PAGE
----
GRIDIRON DECADES

GRIDIRON DECADES

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GRIDIRON DECADES

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The 38-year old Riddle of the Whistle that may have changed New Jersey high school football history may have finally been solved.

That revelation is just one of many anecdotes in a new 451-page hardcover book from New Jersey’s second all-time winningest football coach, Warren Wolf. The whistle in question, which did not emanate from the lips of a game referee, prematurely launched the first NJSIAA football playoff contest in 1974 between Brick Township High School and Camden at Atlantic City Convention Hall.

After the whistle, Camden’s Anthony Brown returned the opening kickoff for a touchdown, but since the game hadn’t officially started the play was ruled dead. Brick would go on to win a 21-20 thriller, stopping a late Camden two-point conversion attempt to become New Jersey’s first 10-0 team and South Jersey Group IV champion crowned on the field.

So who tooted the tweet that triggered the do-over kickoff? According to “The History of Brick Township High School Green Dragons Football, 51 Years of Pride and Tradition,” the answer is revealed by former Brick player Kerry Matson.

“Kerry remembers that the Camden band was close to the field on the 40-yard line and their drum major had a big baton that he waived to provide the beat of thesong prior to the kickoff,” writes Wolf. “He had a whistle in his mouth to gain attention for hisband to play.

“What happened was that the drum major blew his whistle for the band to start prior to the referee’s whistle.”

Wolf said Brick kicker Brian Reynolds heard that whistle and stepped into the football.

“But the referee was surprised by the kickoff as he did not blow his whistle to start the game,” Wolf says. “The touchdown was ruled illegal as the game cannot start, by rule, until the referee blows his whistle.”

The book is chock full of stories, pictures and year-by-year accounts of every Wolf-led Brick team in his 51-year head coaching career.

The man they called “The Silver Fox” won 364 games and six on-the-field NJSIAA championships.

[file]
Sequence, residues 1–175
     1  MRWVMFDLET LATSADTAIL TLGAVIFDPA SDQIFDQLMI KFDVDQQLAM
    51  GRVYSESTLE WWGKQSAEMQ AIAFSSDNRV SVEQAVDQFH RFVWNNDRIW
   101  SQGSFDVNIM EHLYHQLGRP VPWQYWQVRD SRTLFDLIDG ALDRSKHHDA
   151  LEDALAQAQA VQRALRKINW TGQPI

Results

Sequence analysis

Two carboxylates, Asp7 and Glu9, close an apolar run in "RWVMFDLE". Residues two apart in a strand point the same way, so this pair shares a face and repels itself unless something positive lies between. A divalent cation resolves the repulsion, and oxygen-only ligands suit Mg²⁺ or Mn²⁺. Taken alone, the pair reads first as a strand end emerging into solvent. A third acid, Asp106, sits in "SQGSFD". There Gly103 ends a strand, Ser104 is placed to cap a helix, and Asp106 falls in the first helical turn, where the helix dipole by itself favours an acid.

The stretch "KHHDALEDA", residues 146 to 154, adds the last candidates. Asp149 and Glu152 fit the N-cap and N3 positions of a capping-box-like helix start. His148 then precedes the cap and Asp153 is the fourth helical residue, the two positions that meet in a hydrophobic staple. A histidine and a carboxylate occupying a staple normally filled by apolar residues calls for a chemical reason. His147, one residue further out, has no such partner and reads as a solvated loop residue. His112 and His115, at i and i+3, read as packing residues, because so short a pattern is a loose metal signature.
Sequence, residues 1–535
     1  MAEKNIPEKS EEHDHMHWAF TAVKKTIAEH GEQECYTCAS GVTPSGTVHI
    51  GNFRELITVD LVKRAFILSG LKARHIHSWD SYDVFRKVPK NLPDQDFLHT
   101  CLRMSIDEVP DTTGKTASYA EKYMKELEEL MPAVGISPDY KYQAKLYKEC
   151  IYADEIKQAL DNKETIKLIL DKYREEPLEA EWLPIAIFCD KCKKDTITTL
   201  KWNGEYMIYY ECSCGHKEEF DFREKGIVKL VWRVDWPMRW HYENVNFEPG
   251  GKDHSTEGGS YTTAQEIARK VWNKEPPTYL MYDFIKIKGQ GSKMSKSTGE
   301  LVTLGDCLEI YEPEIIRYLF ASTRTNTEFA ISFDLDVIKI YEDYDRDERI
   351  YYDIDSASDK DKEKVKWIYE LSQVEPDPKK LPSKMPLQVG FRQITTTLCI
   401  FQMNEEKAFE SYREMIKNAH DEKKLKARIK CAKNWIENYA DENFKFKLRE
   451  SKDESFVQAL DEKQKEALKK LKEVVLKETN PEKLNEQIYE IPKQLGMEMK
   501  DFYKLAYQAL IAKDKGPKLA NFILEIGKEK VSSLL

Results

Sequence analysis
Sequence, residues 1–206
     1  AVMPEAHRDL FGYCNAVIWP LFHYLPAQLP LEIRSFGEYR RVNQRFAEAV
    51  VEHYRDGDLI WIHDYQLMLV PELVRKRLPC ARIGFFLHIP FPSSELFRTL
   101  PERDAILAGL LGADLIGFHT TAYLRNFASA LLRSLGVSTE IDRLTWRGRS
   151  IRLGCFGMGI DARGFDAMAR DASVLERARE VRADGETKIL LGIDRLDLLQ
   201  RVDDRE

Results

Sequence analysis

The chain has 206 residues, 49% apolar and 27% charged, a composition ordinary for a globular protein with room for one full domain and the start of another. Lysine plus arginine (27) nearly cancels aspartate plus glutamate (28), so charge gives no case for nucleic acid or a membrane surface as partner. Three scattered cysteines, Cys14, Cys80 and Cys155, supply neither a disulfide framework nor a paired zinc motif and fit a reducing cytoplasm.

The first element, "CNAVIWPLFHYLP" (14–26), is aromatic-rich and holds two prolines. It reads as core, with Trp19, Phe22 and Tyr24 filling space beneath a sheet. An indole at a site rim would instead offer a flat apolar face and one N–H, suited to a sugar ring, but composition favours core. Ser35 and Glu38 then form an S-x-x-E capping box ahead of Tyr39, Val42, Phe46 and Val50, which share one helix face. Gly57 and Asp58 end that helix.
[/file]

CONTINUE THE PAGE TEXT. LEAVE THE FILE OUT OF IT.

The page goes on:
Wolf said he wanted to write about “a football program consisting of teenage boys who were striving for identity in an unknown town.”

Wolf recalls signing his contract to coach Brick’s first team in 1958 when the rural township didn’t rate a signpost on the then-just-recently-completed Garden State Parkway.

“Of course my knees were shaking and my heart was beating, but my wife gave me great confidence that we can do it,” Wolf said. “Reminded me of Brigham Young on his trip out west to Utah.”

Former Brick player John Teza describes the Dragons’ regular-season pregame processions from their locker room to Keller Memorial Field.

“Walking six abreast, holding hands, seniors in the front, our teams were like a coil ready to snap,” Teza writes.

In 1964, when Toms River hired then-30-year-old coach Ron Signorino to lead the Indians, Signorino recalls how Wolf’s legend had grown.

“Everybody said he could do anything,” said Signorino who later joined Wolf as his defensive coordinator during a dominating Dragons’ run in the early 1980s. “They said he could make the sun shine and he could make it rain,” Signorino said.

It rained three consecutive South Jersey IV titles for Wolf from 1981-83.

“The roots and tradition of football at the Shore start with coach Wolf and Brick football,” writes former Wall coach Chris Barnes. “He set the table for all of us.”

The book will be available en masse for the first time at a Brick Township Football Alumni Reunion Barbeque July 28 at Windward Beach. The occasion will also be a birthday party for Wolf, who will turn 85 on Aug. 1.

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GRIDIRON DECADES
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